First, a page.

LSAT Prep Break: Famous Law School Dropouts

As your LSAT prep is well underway for the September 2014 LSAT, I thought I could put your mind at ease and talk a little tangentially about the next big step in your legal career: law school. Soon enough you’ll be a wide-eyed 1L, carrying too many books and squirming under a barrage of rhetorical questions your Civil Procedure professor presents you with. Once you’re done with your first year, you’ll breeze through your next two years. But, some people end up realizing somewhere along this arduous three-year journey that law school may not be for them. You may even see this first hand: the girl sitting in the front of your Contracts class may one day just stop showing up. The guy always playing snake on his laptop in Torts may excuse himself to the bathroom and never be seen again. Or, maybe, you may just find that law school wasn’t what you expected or wanted it to be. Either way, it’s all fine. There are many other routes to professional success! Your dream may just be at the end of a different path.

There are many people throughout the years who have dropped out of law school to become very successful. Let’s go through a few examples, shall we?

  1. Demetri Martin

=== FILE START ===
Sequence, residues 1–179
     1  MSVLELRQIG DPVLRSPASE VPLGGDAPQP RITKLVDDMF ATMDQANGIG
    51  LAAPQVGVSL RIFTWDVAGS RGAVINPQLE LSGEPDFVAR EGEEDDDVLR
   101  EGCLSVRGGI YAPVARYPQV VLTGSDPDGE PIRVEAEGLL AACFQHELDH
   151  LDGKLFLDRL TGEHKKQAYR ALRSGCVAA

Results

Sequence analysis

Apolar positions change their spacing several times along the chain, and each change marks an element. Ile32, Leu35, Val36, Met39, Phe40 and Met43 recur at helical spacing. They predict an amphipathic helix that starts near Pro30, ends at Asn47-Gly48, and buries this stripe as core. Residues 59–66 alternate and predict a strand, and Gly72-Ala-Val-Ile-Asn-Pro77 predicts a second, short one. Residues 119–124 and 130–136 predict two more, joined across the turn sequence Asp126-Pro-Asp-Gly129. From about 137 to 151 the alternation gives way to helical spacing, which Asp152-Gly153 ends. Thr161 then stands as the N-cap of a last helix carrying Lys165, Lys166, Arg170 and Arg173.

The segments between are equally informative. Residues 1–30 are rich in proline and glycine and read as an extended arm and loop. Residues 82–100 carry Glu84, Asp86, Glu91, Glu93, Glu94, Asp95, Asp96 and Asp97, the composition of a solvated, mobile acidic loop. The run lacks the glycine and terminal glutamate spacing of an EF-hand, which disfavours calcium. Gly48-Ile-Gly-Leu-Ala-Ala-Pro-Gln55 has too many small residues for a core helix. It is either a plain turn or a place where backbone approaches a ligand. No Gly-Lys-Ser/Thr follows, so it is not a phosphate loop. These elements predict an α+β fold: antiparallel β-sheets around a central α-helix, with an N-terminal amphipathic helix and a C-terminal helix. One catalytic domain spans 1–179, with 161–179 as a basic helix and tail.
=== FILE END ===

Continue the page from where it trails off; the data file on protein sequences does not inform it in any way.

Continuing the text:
Martin is a successful comedian who realized after two years of a full ride at NYU law that a legal career just wasn’t for him. Martin told Believer Magazine that once he found out what he wanted to do with his life, law school was a “waste of time.”
  2. Gabriel García Márquez
    In 1950, Márquez dropped out of Columbia law because he had “absolutely no interest in his studies.” He made the decision after reading Kafka’s The Metamorphosis. He said, “I thought to myself that I didn’t know anyone was allowed to write things like that. If I had known, I would have started writing a long time ago.” He went on to be a nobel prize-winning author.
  3. Teddy Roosevelt
    Roosevelt decided to go to Columbia Law because he wanted “something to do.” He dropped out after his first year to run for the New York State Assembly. He said he “simply found the study of law to be ‘dull.’”
  4. Diane Sawyer
    Sawyer attended her first semester at the University of Louisville and then dropped out to give journalism a try. She’s now the ABC World News anchor.

So, regardless of what path you end up on after your LSAT prep, as long as you stay focused and keep your goals in mind, I think you’ll be just fine. Remember, there are so many different paths to success. Keep up the hard work!

Happy Studying!